Call it America's new way of war. Forget aircraft carriers, stealth fighters and cruise missiles. Think instead about dollars, silicon chips, digital data — and sanctions, embargoes and blacklists. Nations have often employed economic coercion. Donald Trump has gone three steps further. He has merged America's economic policy with its national security strategy.
When Steven Mnuchin, the Treasury secretary, was asked if the US could halt Turkey's onslaught against the Kurds in Northern Syria, he had an easy answer. "We can shut down the Turkish economy".
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Mnuchin, a former banker and hedge fund investor, was once what the president calls a "globalist". Now, it seems, part of his job is to roll back the frontiers of globalisation.
Perhaps nothing about Trump's presidency should surprise us. After all, a couple of days before he slapped sanctions on Ankara, he had all but blessed President Recep Tayyip Erdogan's invasion by announcing the withdrawal of the US troops who fought alongside the Kurds against Isis.
Trump says that by pulling out he is redeeming an election pledge to bring home US troops from the Middle East. And, after Iraq and Afghanistan, there is something to be said for his reluctance to put US troops in harm's way. Trump's peremptory dismissal of John Bolton as national security adviser may well have averted a war with Iran.
Throwing the Kurds overboard is a different story. The president has handed strategic victories to Russia, Syria and Iran simultaneously, while damaging America's own regional credibility. The Kurds were vital partners in the defeat of the jihadis. By betraying them, Trump shows the US to be a wholly unreliable ally — as capricious in dealing with friends as with enemies.
Trump is not the first president to weaponise America's economic might. In 1956, Dwight Eisenhower's administration forced Britain to withdraw from Suez by blocking international support for sterling. Ronald Reagan and Margaret Thatcher were famously firm allies, but had a protracted fight about the extraterritorial reach of US sanctions on the Soviet Union after the invasion of Afghanistan.
Throughout the cold war, most western nations restricted the export of sensitive technology to the Soviet Union. More recently, the EU imposed its own sanctions on Moscow, alongside those of the US, after the annexation of Crimea and occupation of eastern Ukraine.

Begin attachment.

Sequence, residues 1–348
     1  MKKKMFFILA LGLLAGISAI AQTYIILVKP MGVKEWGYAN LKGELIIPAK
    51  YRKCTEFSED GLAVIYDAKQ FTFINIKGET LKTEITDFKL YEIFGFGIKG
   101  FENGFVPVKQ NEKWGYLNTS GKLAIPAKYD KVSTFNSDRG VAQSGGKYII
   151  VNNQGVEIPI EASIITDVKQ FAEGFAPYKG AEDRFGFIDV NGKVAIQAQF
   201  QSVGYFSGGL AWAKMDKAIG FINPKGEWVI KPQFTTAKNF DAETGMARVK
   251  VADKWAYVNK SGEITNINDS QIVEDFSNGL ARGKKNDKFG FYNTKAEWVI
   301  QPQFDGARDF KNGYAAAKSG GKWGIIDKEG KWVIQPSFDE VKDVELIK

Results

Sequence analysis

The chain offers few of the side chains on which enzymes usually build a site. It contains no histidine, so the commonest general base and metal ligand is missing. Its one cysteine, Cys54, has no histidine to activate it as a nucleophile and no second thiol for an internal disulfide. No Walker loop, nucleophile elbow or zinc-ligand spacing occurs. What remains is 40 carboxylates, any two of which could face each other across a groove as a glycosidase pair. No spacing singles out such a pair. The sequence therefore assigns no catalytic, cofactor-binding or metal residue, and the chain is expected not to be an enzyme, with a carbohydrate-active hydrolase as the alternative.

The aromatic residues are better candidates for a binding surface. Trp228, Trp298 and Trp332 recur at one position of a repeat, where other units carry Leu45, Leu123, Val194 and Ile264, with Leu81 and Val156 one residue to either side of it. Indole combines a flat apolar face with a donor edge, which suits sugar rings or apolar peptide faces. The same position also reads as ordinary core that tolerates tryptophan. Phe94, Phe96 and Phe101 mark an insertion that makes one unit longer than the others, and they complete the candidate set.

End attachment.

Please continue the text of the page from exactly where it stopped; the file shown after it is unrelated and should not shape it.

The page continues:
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Now, tariffs, embargoes and the like have become America's remedy for all seasons. The dollar's role as the sole reserve currency gives the US a unique capacity to control the international financial system.
The tariffs imposed on Chinese, Canadian and Mexican goods at the start of Trump's presidency had the limited aim of tilting bilateral trade accounts back towards balance.
Since then the myriad restrictions applied to China signal a more fundamental goal of decoupling the two economies.
The communications giant Huawei, along with scores of other Chinese companies, has found itself on the so-called entity list, which bars it from buying US technology. The list was conceived to hit terrorists and proliferators of weapons of mass destruction. The 2018 Foreign Investment Risk Review Modernization Act caps investment in Silicon Valley by Chinese businesses. The Denied Persons List imposes even more draconian curbs on technology transfer.
Trump reaches for the sanctions manual whenever the mood takes him. The latest set directed against Beijing supposedly provides a response to the repression of the Uighur population in China's Xinjiang province.
The president has invoked cold war legislation passed by the Kennedy administration to declare imports to the US of European and Canadian automobiles and flows of immigrants across the Mexican border as national security threats demanding retaliation.
During Barack Obama's presidency, sanctions on Iran helped persuade it to reach an agreement with the international community on its nuclear programme. Trump disowned that accord, only to apply even tougher measures. The purpose now reaches well beyond nuclear ambitions to include Iran's behaviour across the region.
Where the US goes, Trump expects its allies to follow. By denying Iran access to dollars, Washington has all but broken the back of European efforts to salvage the nuclear accord.
Not content with pushing Huawei out of the US market, the administration is demanding that European allies exclude it from their 5G digital communications networks. The allies have been warned they will lose access to US intelligence if they step out of line.
And much of the time the administration does not need to apply direct pressure to achieve such extraterritorial effect. Western companies operate within complex, cross-border supply chains. Many have operations or sales in the US. They cannot risk finding themselves added to a US blacklist or at risk of losing access to dollars.
The White House is unapologetic. Peter Navarro, the president's trade adviser, says economic security is indivisible from national security. Another way of putting it is that for as long as the US holds the only reserve currency and a preponderance of economic power, America has decided it can do as it pleases. In Trump's world, rules are for the weak.
Written by: Philip Stephens
© Financial Times